Have the Texans evolved into a powerhouse team? There is no strong evidence saying yes. But they are positioning themselves to get a real shot at proving themselves bonafide contenders and perhaps legit upper echelon They could also wind up exposed as the beneficiaries of their easy schedule. If that turns out to be the case, at least they’ll be better positioned going forward than at any prior point in franchise history.

The not so good

Then, there are the Rockets.

Heading into the weekend here’s the full list of teams the Rockets are ahead of in the Western Conference: Phoenix.  

If the Rockets Friday night lose to the (10-11) Spurs for the second time this season, that would be loss number 12 already. The Rockets’ 12th loss last season didn’t happen until January 15th. All they need to match last season’s 65 win brilliance is a 56-6 finish! Snowballs have much better chances in hell.

As the Mavericks beat the tar out of the Rockets Wednesday night, about all Rockets’ backers had to fall back on was, well, Chris Paul was out. Last season when Paul, James Harden, Clint Capela all played the Rockets went an amazing 44-3. This season’s Rockets have already lost three games when their version of a Big 3 all played. Paul missing a chunk of the schedule is par for the course. No reason to think he’ll get more durable in his mid-30s. That Mike D’Antoni had Paul averaging his most minutes per game in four years was not smart, but you can grasp D’Antoni’s dilemma given the punchline of a bench Daryl Morey has him coaching. The Rocket bench is abominably bad. Over his decade-plus on the job Daryl Morey has been a very good General Manager, but this past offseason he was Dismal Daryl. From Carmelo Anthony on down the line.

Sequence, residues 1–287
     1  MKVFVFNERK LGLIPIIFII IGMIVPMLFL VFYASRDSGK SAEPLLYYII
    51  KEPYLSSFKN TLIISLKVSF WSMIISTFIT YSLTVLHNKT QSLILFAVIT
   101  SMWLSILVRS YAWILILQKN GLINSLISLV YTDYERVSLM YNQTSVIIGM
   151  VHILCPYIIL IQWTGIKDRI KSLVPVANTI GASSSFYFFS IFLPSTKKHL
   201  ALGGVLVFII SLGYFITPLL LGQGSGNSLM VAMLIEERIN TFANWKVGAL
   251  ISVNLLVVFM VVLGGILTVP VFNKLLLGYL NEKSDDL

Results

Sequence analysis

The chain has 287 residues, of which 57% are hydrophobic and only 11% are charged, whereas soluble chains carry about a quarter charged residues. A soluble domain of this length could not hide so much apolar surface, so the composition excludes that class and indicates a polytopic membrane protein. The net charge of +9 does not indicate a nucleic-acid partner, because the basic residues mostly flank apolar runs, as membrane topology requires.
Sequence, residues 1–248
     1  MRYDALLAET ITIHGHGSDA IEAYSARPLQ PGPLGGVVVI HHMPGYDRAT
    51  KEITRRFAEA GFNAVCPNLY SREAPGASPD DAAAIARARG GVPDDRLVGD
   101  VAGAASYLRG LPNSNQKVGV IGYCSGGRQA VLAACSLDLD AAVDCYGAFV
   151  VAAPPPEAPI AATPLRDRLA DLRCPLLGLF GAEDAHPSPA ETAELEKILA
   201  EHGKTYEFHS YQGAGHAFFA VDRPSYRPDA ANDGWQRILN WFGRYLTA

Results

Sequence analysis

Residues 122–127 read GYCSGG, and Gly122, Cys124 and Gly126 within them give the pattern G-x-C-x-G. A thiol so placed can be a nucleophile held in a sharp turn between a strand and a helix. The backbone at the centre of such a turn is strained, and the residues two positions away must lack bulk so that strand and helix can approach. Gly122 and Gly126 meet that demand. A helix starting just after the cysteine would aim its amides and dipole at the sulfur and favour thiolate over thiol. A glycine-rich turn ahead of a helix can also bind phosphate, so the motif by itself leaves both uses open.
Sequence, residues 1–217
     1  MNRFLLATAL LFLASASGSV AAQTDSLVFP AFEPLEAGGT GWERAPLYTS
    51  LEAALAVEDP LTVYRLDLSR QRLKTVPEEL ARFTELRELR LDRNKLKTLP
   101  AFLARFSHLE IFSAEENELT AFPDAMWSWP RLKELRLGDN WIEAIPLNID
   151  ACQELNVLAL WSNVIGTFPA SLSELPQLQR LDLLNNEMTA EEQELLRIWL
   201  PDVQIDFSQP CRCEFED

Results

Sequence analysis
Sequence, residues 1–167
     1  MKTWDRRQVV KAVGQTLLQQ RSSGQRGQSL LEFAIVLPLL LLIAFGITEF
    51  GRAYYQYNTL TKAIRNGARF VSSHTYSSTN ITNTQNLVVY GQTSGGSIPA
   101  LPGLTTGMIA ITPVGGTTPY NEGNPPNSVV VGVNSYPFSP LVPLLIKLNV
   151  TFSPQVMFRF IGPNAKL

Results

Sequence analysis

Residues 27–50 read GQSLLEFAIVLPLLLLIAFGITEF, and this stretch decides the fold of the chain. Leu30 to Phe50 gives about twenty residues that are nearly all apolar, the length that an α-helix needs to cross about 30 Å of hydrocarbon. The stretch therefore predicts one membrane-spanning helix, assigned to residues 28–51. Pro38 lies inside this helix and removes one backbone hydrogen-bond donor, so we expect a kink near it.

Saturday night the Rockets are home Saturday for the bumbling Bulls. That is an extremely unenticing matchup. Owner Tilman Fertitta sure won’t be there. Much more excitement at the University of Houston as the Cougars host Oregon in the grand opening game of the Fertitta Center. The Cougars will never be a big deal citywide, but to grow their niche a sparkling 7100 seat arena with Kelvin Sampson coaching a good team gives UH as good a shot as it can ask.